2023 Matchday Brings Joyful Tears to UC Davis Medical Students

At exactly 9 a.m. Friday, more than 100 anxious UC Davis medical students stopped their classes and stared at their phones, computer screens and tablets.

These fourth-year students were about to view a web page that indicated where in the United States they would spend their next three to seven years of residency. Everyone will graduate soon, and residency is the last step on a long academic journey to becoming full-fledged doctors.

Once the students read their announcement, they cheered and then shared the news with the entire 2026 Medical School class, who connected to a Zoom call that was streamed live on Facebook.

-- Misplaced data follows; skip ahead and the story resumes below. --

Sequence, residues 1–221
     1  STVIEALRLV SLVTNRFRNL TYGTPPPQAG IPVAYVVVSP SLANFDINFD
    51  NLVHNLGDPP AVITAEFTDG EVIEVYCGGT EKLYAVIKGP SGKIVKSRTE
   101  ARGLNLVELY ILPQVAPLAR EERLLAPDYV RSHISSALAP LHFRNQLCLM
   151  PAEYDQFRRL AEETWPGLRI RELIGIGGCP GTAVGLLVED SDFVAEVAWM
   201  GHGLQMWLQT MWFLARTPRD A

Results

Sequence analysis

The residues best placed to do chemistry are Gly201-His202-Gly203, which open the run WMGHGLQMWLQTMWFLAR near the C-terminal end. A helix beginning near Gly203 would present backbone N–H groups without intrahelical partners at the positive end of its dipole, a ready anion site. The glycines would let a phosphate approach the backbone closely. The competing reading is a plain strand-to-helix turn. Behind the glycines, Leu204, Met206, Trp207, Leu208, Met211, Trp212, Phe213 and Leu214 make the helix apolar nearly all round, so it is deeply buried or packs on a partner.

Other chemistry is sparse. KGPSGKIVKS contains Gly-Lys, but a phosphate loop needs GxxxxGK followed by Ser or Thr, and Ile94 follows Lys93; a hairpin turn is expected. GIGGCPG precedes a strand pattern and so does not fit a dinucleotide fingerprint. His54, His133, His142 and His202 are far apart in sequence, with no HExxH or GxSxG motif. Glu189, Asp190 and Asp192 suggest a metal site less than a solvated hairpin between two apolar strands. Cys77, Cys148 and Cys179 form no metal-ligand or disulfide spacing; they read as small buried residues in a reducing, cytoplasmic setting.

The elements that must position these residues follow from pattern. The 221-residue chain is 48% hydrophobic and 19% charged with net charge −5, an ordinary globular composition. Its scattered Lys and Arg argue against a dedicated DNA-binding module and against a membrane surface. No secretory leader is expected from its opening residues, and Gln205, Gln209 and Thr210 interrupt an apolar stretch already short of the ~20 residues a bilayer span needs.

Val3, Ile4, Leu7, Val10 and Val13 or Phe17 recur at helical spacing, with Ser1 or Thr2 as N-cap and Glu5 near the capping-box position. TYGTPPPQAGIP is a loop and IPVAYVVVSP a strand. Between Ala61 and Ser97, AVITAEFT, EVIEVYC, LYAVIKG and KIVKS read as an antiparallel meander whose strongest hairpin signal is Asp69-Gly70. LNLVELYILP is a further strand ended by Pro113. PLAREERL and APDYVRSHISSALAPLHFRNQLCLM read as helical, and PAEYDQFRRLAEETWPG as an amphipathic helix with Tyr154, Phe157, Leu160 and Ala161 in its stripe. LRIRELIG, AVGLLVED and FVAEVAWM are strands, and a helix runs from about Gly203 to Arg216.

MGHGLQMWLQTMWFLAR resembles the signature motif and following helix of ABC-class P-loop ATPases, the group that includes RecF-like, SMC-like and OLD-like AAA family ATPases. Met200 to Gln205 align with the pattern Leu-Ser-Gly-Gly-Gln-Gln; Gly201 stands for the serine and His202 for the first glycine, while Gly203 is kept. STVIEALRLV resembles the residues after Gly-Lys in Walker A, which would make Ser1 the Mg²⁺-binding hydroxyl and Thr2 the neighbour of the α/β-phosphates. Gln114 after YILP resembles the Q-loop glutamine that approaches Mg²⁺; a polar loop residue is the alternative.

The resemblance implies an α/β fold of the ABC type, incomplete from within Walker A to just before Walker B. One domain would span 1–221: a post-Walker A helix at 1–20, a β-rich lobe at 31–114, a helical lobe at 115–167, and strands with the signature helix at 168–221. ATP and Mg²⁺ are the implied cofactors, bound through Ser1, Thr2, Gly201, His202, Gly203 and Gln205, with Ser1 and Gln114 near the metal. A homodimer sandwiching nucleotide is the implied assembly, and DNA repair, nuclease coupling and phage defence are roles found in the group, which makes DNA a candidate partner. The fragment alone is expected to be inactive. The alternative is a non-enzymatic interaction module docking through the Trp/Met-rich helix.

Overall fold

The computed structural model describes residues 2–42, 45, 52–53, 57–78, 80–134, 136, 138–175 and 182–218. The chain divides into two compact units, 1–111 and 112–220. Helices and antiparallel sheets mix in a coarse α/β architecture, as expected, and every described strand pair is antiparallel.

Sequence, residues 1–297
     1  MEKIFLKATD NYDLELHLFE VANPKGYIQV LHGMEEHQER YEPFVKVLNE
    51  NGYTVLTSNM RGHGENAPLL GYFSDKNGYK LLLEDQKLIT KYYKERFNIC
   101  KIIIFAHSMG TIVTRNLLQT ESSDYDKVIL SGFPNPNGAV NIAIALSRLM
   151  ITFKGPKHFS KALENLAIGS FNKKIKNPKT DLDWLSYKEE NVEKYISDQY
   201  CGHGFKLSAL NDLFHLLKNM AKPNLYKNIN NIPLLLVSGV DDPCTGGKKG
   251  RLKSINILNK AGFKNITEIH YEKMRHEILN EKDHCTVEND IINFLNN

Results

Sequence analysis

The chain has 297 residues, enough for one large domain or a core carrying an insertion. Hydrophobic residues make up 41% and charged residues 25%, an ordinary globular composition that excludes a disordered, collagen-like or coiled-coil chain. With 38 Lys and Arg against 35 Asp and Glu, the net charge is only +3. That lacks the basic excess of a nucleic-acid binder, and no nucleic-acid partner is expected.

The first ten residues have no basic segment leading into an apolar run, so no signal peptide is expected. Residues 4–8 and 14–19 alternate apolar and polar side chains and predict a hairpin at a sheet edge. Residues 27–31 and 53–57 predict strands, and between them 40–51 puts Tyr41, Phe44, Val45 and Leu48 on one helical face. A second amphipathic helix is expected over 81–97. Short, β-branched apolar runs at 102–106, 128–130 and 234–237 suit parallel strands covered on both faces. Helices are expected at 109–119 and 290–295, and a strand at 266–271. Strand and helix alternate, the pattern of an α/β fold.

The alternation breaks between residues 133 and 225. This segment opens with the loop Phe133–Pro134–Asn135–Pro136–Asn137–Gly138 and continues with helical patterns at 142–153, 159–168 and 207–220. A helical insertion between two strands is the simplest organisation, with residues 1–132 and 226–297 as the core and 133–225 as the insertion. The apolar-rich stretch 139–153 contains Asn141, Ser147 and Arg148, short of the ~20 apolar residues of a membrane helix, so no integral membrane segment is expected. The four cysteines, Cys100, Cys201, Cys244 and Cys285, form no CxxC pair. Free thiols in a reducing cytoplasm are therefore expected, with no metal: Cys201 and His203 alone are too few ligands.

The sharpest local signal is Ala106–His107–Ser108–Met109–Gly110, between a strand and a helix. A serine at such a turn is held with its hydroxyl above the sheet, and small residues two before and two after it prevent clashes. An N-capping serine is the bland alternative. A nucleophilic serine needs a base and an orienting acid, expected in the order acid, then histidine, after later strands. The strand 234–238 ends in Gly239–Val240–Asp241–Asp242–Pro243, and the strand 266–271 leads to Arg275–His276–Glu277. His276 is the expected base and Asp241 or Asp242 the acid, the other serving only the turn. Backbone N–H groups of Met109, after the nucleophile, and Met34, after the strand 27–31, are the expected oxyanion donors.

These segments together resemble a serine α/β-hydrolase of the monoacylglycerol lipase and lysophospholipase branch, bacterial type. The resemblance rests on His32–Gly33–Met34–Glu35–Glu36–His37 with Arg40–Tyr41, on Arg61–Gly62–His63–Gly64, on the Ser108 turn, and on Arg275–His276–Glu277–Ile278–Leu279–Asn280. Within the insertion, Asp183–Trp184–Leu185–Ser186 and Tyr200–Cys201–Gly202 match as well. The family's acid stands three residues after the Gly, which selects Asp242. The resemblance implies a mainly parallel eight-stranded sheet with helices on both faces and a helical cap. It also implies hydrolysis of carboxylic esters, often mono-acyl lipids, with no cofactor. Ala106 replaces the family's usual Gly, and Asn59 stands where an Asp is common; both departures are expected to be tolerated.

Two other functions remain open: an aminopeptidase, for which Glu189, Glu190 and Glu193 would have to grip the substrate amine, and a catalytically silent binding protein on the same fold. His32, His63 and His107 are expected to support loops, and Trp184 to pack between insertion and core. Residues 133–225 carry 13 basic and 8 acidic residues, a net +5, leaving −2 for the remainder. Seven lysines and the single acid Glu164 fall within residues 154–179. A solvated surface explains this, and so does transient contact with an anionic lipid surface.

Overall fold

Kayla Meadows, who checked into the home of her classmate and neighbor Angelica Martin, was at first speechless and then blurted out, “Oh my God!” very loudly. She then fanned herself with her left hand, as if producing more oxygen. On her laptop was the following message: “CONGRATULATIONS!!! …Institution Name: UC Davis Med Ctr-CA. Name of the program: Obstetrics-Gynecology.

Her fate was sealed. She remained at UC Davis Health for the next four years, which was her best bet. Martin will also stay for six years in a cardiothoracic surgery residency, also her first choice.

“We lived! We lived! We lived. We lived!” Martin said, sobbing and hugging Meadows.

It’s match day 2023. This is probably the most anxious and stressful day in medical school.